In addition, participant body composition improved in both of our training groups. This finding contrasts with those of Nuuttila et al. [43] in which no changes in body weight or fat percentage were observed after 11 weeks of HRV-guided running. The changes we observed may be attributed to the high levels of body fat of our participants at >22% versus < 13% for Nuuttila et al.’s [43] participants. Favorable changes in body composition were also found by Feito et al. [54] in both men and women, following 16 weeks of HIFT. As in Feito et al.’s [54] study, our participants were not engaged in physical activity specifically targeting changes in body composition prior to the study, thus allowing for a significant change in body composition from pre- to post-test as a result of the training intervention.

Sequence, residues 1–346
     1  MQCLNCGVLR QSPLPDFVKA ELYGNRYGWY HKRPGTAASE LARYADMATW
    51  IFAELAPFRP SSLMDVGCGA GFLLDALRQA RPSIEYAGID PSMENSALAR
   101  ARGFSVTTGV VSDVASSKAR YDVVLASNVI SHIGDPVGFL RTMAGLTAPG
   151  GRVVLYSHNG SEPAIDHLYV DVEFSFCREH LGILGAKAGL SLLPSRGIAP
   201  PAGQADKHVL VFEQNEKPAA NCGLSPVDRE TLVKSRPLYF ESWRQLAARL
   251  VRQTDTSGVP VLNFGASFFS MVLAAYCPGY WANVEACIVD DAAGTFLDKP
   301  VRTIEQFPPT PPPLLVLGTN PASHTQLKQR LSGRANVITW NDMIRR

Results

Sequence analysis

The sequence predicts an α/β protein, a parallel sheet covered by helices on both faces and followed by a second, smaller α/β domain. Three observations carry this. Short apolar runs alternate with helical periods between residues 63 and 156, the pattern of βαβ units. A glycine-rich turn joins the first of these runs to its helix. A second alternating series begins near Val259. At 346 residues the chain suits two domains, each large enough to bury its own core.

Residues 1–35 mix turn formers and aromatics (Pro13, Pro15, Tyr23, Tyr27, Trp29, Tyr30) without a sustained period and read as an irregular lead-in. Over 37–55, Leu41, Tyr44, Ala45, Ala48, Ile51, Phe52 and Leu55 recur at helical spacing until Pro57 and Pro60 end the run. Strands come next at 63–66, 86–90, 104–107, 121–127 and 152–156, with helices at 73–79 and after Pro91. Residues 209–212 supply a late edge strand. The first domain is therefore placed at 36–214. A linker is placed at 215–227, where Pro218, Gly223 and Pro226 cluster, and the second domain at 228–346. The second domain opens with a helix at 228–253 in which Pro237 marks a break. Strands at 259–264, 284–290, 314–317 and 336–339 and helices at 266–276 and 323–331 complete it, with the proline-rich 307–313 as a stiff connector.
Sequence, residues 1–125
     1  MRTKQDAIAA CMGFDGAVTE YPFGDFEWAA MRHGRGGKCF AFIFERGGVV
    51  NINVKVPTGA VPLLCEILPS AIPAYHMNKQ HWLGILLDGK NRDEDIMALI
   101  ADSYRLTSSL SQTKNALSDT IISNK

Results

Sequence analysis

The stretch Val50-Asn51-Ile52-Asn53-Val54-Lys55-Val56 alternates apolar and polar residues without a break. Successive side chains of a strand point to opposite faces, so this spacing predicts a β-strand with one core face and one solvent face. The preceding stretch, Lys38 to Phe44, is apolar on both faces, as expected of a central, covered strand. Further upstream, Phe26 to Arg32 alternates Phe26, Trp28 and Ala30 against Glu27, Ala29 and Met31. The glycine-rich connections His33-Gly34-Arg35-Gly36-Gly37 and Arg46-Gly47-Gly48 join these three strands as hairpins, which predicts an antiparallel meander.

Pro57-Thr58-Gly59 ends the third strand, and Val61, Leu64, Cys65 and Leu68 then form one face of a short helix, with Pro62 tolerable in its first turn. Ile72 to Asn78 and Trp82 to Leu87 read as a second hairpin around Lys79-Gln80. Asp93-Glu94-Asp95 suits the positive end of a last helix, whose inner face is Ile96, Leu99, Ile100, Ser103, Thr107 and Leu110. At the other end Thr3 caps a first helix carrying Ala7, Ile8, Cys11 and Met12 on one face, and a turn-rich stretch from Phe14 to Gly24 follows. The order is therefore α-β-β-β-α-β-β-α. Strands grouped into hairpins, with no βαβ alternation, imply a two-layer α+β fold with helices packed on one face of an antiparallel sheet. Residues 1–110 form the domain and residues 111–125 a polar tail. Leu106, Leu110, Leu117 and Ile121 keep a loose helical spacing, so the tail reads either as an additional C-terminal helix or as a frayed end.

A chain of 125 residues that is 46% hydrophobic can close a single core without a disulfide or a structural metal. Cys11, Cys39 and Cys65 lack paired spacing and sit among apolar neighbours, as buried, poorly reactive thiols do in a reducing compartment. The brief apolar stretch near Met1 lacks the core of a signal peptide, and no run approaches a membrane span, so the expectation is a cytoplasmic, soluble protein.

A limitation of this study is that HRV measurements were taken by the individual participants and not within a lab setting, which impairs the standardization process. We are unable to say with certainty that all HRV measurements were protocol adherent throughout the study. A degree of inherent trust must be allotted to participants to strictly adhere to the measurement protocols, and while this increases the external validity of our findings it may have affected our internal validity. We were unable to record and quantify participant internal load (e.g., rHR) or external load (e.g., total training volume) during each training session as was done by De Oliveira et al. [13], to demonstrate the difference in the total work completed by both groups. Quantifying the total work completed by participants within each group would provide additional support to the reduced training load completed by the HRV-guided group. Due to the two-site design, different measures of body composition were used at each site, which may contribute to an increased variability in this outcome metric. Participants were instructed to refrain from engaging in any additional exercise outside of the intervention, yet we were unable to ensure these instructions were adhered to throughout the study period. Finally, we were unable to determine the contribution of muscular hypertrophy to the strength gains observed, as muscle cross-sectional area was not assessed.